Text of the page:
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Keeping Hives Cool in the Heat
The hot summer months are just around the corner. Before they get here, however, this is what you need to know to keep your bees happily producing honey and not thinking about finding a cooler place to call home.
Bees Work Hard to Regulate Temps
When the temperatures begin to soar, bees work hard to maintain optimal temperatures and humidity within the hive, especially within the brood area. That’s one of the reasons you see so many bees concentrated in the brood area - they’re working to keep the temperatures in the 91° - 97°F range. If it gets too hot, however, they’ll begin to shut down brood production which can lead to hive failure.
During extreme heat conditions, you may lose your colonies for a couple of different reasons -- the bees may not make it, or they may abscond, looking for a better (i.e., cooler) place to set up a new colony.
How Bees Eliminate Heat in the Hive
How do bees combat heat inside the hive?
When interior temperatures in the hive become higher than optimal, you may notice bees hanging from the hive in clusters that resemble beards. This may mean the bees are preparing to swarm. It can also indicate, however, that it’s a little crowded in the hive and the bees are congregating outside, providing more space for ventilation inside the hive and enjoying the cooler temps outside.
When it’s hot, worker bees deposit water droplets on the edges of the comb and in a thin film on top of the sealed brood comb. They then fan it to create air currents to set up an evaporative cooling system to cool the nest and to prevent melting of the wax comb. Additionally, they may exhibit behavior that’s referred to as heat-shielding by pressing their bodies against the brood nest wall to absorb localized heat.
Despite their best efforts, however, bees can only do so much to eliminate heat inside the hive. So, why not give them a hand?
Make Sure Bees Have Adequate Access to Water
Bees use water for several purposes in the hive, using as much as a few liters each day. As already stated, they need it for evaporative cooling purposes. They also use it in the creation of brood food. When water is needed, a forager bee begins to carry water to the hive and will do so for the remainder of the day as long as a water-carrying bee is available to give her load of water to.
A close and convenient water source makes this easier for the bees and gets them back to foraging for nectar and pollen more quickly. Check out our blog post, Creative Water Solutions for Your Beekeeping Yard, to see just how easy it is to provide adequate water access.
The easiest way to provide shade is to have placed the hive under the canopy of a shade tree. If the hive is not positioned under a shade tree, however, you can set up a shade tent or place a large umbrella over the hive when hot weather is forecasted, especially when predicted for long periods. Don’t move the hive to a shadier location ... the bees can become disoriented.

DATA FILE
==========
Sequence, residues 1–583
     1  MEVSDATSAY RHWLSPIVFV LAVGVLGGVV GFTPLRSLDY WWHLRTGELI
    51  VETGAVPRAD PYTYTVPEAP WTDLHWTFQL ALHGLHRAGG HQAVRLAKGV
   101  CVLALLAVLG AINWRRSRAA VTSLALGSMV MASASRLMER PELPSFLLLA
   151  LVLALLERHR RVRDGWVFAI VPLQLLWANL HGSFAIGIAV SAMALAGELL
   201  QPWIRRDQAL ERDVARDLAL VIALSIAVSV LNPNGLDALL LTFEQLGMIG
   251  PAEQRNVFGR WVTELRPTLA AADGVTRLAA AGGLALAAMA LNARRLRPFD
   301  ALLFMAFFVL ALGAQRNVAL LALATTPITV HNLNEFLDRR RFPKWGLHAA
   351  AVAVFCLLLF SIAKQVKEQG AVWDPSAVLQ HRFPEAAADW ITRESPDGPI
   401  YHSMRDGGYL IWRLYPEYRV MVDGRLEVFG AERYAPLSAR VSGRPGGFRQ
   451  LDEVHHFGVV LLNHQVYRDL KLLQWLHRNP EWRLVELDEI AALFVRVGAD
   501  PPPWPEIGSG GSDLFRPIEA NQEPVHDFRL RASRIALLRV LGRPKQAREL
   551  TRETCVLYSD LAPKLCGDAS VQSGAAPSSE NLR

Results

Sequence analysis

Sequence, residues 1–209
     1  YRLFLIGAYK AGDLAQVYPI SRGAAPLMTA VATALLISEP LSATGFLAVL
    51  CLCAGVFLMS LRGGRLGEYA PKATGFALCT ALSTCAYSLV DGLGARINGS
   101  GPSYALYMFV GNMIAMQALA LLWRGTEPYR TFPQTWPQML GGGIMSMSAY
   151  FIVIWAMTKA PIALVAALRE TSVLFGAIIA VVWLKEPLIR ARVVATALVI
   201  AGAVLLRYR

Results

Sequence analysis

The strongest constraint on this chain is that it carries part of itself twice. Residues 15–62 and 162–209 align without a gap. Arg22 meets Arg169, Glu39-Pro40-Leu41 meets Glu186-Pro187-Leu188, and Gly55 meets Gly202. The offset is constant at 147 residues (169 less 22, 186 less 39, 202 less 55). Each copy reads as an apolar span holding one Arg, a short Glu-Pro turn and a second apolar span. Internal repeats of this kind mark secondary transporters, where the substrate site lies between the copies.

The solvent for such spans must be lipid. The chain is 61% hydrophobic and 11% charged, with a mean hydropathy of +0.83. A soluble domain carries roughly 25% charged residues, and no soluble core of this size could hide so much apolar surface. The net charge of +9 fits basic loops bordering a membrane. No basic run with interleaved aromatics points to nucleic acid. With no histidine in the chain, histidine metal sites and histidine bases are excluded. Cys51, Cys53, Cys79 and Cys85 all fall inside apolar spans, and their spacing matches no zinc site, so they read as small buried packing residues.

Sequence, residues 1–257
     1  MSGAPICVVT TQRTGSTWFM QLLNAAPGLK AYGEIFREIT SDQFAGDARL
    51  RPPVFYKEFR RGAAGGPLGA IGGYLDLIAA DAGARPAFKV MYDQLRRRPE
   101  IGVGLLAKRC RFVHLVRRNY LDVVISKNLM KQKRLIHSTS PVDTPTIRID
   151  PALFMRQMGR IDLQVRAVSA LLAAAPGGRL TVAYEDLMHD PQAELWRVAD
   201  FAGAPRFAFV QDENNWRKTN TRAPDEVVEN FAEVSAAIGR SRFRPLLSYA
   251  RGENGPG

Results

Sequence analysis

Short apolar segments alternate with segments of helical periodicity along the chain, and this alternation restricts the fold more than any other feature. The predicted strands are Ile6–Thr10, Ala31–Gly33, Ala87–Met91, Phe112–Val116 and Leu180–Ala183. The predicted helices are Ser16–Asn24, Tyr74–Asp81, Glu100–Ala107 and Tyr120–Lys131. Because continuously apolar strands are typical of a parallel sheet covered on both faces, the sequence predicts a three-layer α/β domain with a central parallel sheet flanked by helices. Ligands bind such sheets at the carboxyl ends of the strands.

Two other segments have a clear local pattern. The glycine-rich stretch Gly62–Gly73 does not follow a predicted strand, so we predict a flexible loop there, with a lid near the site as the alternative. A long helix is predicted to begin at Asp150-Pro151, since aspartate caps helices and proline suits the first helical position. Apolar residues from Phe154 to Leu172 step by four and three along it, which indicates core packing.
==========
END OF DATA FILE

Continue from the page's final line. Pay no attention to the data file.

You can also build a structure, such as a pergola or a grape arbor, over the top of the hive to provide shade.
Ensure Adequate Ventilation
Although venting a hive in hot weather may emit the scent of honey and increase the colony’s vulnerability to robbing activities, it may be necessary to prevent overheating and melted combs. An easy way to vent a hive is to install an upper entrance.
If the bees don’t use this entrance, it can be covered over with a piece of screen to prevent robbing activities and still allow the heat to escape.
A screened bottom board can also be used to increase ventilation, allowing air to freely flow through the bottom of the hive.
Metal Roofs Increase Heat
If you’re using a metal roof on your hive, it will conduct heat and increase temperatures in the hive. At the very least, you should convert it to a wooden cover and paint it white. White reflects heat, whereas, black absorbs and holds onto it. The Bee Smart Ultimate Hive Cover, however, is the perfect solution:
- Lightweight — lighter than wood
- Will not rot
- No assembly required — ready-to-use
- Provides passive ventilation
Best of all, its double-wall construction and internal airspace provide insulation, keeping the hive warmer in the winter and cooler in the summer.
Just as it does in our homes, insulation will keep a hive warmer in winter and cooler in the summer. Place insulation, like an old quilt or bubble wrap under the hive’s roof to help stabilize temps in the hive’s interior. The Bee Smart Ultimate Hive Cover has this insulation built-in. You can also add an insulation box to the hive. (Here is a video showing you how to insulate an existing hive box.)
Consider Hive Placement
Besides shade, other considerations should be taken when determining the best hive placement to prevent overheating.
Avoid placing the hive where airflow will be impeded, such as next to a building.
Avoid hot areas on top of or near a radiating heat mass, such as pavers, concrete slabs, brick walls, greenhouse, etc.
When temperatures soar and you become concerned, you may need to take extreme measures to keep your hives cool enough. These measures may include:
- Using a fan to cool the hive
- Placing a bucket of ice on top of the hive box — do not put it inside the hive
- Draping wet towels over the hive box lid — will need to be rewetted occasionally. Wet towels and a fan used together provide additional cooling abilities.
These extreme measures are rarely required, but in an emergency, it’s good to have a few tricks up your sleeve. If a heatwave settles in and you’re concerned for your beehive, don’t be afraid to use one of these methods to reduce heat in your hive.
The Bees Have It
Most of the time, your bees will be able to take care of maintaining the temps inside the hives themselves. When temperatures move into triple digits, especially for prolonged periods of time, however, your bees may require a little assistance.